SMU's New Visions, New Voices festival is presented by the theater department every spring. It is entirely student-run: the playwrights, directors, and actors are all undergraduate theater students. Amy D., a playwright, journals about her experiences creating a production in spring 2007.
I canít believe weíre opening the show tonight. Weíve been in rehearsals for weeks, the director and I had discussed the show for weeks before that and I had been working on the script for months. Everyone keeps asking me if Iím nervous, but Iím not. The actors are ready for this and I wouldnít change anything to the script if I could. Iím so excited to see it and I know everybodyís going to do well. Happy Opening Night!
Going into tech rehearsals is always stressful. Tech rehearsals are when we take the show into the theatre space and start adding in all the technical elementsÖhence, the name. Lights, sound, costumes. It can be challenging because youíre teaching a crew how the set is supposed to be set up and the stage managers are handling a lot tasks more than they were in regular rehearsals. The actors are learning how to play on the real set and they are working with new props and their costume changes. The process of transition is stressful and as the playwright, Iím not so much concerned about that part of the show. Iím still worried about the script and if itís in the right place for an audience to see it, but itís too late for changes! Once we were done with slogging through the tech rehearsals, we were able to do a dress rehearsal. Thatís basically a run just like an actual show, just without an audience. To see the entire show with sound, costumes, the new music, lights, itís an amazing experience. After that run, I realized that the show was really ready for audience. The actors are ready to have that new energy from having an audience.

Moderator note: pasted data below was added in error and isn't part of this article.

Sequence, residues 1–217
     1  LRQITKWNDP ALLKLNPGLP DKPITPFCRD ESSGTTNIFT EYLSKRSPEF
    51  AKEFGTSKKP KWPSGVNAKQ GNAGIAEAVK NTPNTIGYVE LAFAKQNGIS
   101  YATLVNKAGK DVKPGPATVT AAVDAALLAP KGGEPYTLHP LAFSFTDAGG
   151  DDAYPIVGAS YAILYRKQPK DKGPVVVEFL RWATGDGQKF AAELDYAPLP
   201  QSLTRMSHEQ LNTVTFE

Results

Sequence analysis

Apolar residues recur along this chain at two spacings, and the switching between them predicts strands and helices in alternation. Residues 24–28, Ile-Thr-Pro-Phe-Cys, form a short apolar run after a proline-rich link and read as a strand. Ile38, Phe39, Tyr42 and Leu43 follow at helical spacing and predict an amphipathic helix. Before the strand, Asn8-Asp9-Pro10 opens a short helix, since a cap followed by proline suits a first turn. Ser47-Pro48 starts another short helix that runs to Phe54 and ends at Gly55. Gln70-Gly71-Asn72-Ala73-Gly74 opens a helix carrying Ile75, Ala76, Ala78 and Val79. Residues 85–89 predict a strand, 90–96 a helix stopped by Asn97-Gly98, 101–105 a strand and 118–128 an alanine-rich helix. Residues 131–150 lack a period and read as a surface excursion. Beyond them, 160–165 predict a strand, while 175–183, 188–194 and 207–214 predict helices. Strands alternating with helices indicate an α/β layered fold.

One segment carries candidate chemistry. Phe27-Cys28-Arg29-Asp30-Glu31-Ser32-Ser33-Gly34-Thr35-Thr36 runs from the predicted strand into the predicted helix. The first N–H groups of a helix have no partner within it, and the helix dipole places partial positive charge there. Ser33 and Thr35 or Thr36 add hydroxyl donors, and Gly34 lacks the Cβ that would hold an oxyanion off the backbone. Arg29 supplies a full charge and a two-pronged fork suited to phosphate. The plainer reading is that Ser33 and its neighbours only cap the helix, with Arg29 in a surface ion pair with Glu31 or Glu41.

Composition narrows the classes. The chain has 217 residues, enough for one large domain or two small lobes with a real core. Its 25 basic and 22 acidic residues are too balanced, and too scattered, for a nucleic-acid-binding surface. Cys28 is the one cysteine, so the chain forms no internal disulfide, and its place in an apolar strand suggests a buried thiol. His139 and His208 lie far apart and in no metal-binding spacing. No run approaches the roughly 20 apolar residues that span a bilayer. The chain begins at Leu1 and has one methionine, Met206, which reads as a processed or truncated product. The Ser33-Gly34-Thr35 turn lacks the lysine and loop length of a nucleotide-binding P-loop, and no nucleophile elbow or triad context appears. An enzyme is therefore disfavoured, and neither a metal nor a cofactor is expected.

Weíre back from Spring Break (sadly) and rehearsals are underway again. They feel more intense, considering we go into tech rehearsal late next week. Last night I watched a run of the show in the actual theatre space with most of our furniture in place. It felt very new to see the entire play in the theatre space. The actors are beginning to feel how much energy itís going to take to fill up the entire theatre. Theyíre doing a great job and all of them are mostly off-book. (That means youíve got all your lines memorized.)
My playwriting professor, Gretchen Smith, watched as well and we both took notes on parts that still werenít working. Travis, my professor and I had a long talk afterwards – the showís looking really good and we discussed ways to make it stronger. Itís an advantage when you can get an outside eye, because itís a fresh take on the play.
I have a specific way of taking notes – I follow in my script and whenever something strikes me, something that I want to change or I think I should look at, I write a note on a post-it and put the post-it on that page. I do the same thing for the notes that Travis and Gretchen give me.